I just need to know where to start.....
You are right. Although they would work if applied, my concepts and methods are very difficult to apply to your situation. In every marriage, spouses should take each other's feelings into account whenever a decision is made. I have put that concept into what I call the Policy of Joint Agreement (never do anything without an enthusiastic agreement between you and your spouse). If your husband would have followed that basic rule throughout your marriage, he would never have become addicted because you would not have enthusiastically agreed to it. The first time he came home drunk would have been his last.
The Policy of Joint Agreement eliminates all Love Busters, including drug and alcohol addiction. But it works only if people will apply it to their bad habits. If your husband were to follow the policy from now on, his addiction would come to an end, and you and he could begin creating compatibility.
Because your husband is in love with alcohol, he will not take your feelings into account when he has an opportunity to drink. He goes to a bar after work, when he knows it will upset you. Then, doesn't come home for dinner, upsetting you further. He may call, telling you where he is, thinking he has made an incredible effort to be considerate. Finally, at 3:00 in the morning, he comes home drunk. The next day he wants you to forget about it.
Your husband is not willing to follow the Policy of Joint Agreement when it comes to his alcohol addiction, and for that reason alone, my concepts are difficult to apply to your situation.
Why would anyone want to put up with an alcoholic husband? It's usually because he or she keeps holding out hope, as you have, that some day the addiction will be over. But as you become older, and the best years of your life seem to be behind you, a feeling of hopelessness will grip you, and a deep and pervasive depression caused by the destructive behavior of your alcoholic spouse will overcome you.
If you want to remain married to your husband, and avoid depression at the same time, I highly recommend that you do something other than hold out hope for his recovery. I suggest that you prepare for a separation. Don't threaten him with it -- simply do it. After you are separated, explain to him that he can have a relationship with you or alcohol, but not with both.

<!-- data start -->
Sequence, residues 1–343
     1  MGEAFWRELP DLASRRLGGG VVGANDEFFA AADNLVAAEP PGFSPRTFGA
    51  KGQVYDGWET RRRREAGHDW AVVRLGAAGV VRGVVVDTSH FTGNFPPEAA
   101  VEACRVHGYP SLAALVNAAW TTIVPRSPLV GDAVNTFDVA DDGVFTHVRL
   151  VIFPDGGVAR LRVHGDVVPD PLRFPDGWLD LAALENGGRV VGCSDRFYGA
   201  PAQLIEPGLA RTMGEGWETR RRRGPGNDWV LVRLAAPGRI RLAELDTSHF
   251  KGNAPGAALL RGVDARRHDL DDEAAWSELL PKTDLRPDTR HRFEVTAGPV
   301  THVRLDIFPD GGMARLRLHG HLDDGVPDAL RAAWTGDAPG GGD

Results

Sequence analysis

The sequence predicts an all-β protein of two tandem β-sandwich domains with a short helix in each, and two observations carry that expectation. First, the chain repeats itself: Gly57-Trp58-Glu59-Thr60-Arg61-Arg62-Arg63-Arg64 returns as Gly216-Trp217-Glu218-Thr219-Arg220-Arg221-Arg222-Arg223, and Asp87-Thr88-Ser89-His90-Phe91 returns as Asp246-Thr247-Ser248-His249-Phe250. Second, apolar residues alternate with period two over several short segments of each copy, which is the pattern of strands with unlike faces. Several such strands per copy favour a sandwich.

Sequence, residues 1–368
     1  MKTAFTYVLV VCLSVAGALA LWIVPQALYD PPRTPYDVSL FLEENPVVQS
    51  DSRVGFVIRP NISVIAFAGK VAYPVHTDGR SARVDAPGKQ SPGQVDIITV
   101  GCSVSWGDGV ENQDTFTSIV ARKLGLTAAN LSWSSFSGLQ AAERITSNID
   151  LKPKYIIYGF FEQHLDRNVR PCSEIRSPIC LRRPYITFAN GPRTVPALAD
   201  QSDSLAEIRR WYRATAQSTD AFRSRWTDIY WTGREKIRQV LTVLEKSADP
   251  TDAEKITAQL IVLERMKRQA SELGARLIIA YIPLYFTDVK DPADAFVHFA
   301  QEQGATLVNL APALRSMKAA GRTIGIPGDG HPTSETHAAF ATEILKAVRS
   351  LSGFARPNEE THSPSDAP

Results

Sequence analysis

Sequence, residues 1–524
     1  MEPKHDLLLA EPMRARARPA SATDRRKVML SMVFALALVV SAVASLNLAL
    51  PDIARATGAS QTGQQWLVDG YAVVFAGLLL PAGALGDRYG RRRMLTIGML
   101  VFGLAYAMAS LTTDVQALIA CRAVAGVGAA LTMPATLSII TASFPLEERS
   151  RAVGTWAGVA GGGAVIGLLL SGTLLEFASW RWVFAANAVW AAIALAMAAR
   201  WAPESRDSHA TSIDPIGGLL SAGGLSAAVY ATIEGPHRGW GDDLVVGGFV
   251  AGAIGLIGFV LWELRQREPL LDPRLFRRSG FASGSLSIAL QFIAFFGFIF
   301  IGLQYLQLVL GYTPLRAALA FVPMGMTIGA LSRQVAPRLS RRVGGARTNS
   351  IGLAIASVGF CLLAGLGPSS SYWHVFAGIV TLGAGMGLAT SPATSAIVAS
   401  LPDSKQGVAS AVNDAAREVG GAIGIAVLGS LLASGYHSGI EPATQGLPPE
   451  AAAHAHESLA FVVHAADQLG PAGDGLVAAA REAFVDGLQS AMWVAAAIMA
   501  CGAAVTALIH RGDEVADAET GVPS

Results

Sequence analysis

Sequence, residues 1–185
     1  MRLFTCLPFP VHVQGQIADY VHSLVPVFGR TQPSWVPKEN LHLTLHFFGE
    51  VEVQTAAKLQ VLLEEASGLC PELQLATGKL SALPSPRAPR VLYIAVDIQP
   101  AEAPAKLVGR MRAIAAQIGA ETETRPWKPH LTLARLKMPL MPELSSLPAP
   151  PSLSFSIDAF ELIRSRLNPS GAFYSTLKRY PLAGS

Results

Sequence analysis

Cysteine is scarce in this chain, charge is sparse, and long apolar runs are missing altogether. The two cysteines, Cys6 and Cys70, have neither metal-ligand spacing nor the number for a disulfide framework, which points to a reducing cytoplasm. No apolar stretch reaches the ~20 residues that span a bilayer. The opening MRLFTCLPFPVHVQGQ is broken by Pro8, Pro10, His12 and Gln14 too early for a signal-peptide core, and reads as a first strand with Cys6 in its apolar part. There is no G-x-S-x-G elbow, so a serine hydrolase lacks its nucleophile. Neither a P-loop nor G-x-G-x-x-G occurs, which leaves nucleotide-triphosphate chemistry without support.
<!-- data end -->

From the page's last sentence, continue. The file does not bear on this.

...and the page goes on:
You must learn to regard your husband as hopelessly lost to his alcohol, and that any effort you make to try to please him will not be reciprocated. His lover will always be alcohol and that's that. You have never had a chance for a normal marriage with him and never will have a chance as long as he's addicted.
This message of mine may seem depressing to you when what you want is hope. But actually it is the path that will lead you out of your depression. As soon as you realize that he will not meet your needs and you cannot meet his until he is sober, you will find your depression lifting. It would also help if you would ask your doctor to prescribe anti-depressant medication to you. Anti-depressant medication will help you rise above the crippling depression you have been experiencing.
One of my articles that I've posted is, "How the Co-dependency Movement is Ruining Marriages." In that article I explain that the co-dependency movement was created for people just like you, and is very appropriate in situations like yours. But when it's applied to all marriages, it can have devastating effects.
The Co-dependency movement rightfully acknowledges that emotional needs cannot be consistently met by an alcoholic spouse, nor can someone meet an alcoholic's needs. It's also hopeless to try to "fix" alcoholic spouses. They either fix themselves, or they don't get fixed.
Until he is sober, your husband cannot, and will not meet your emotional needs, and you will never be able to meet his. So if you want to remain married to an alcoholic, you may have no other choice but to accept the advice of the co-dependency movement and be emotionally withdrawn from him. Alanon is a good place to learn how to do that.
Although you should not expect it to happen when you separate, your husband may decide to be treated for his addiction to alcohol. If his treatment is successful, I would suggest to you that you try to build a marriage with him based on the Policy of Joint Agreement. It may take you quite a while to learn to meet each other's needs after his sobriety, but I've seen many couples achieve it after treatment, and go on to have a very fulfilling marriage.
But your husband's decision to become sober (not a single drink of alcohol for the rest of his life) is a long-shot. A better prediction is that you will be separated for a while, and then eventually divorce. But even it that is the outcome, you will be far happier with that, than what it is you have been going through being married to an alcoholic.
(Another approach to this problem, an intervention, is described in my answer to the next letter)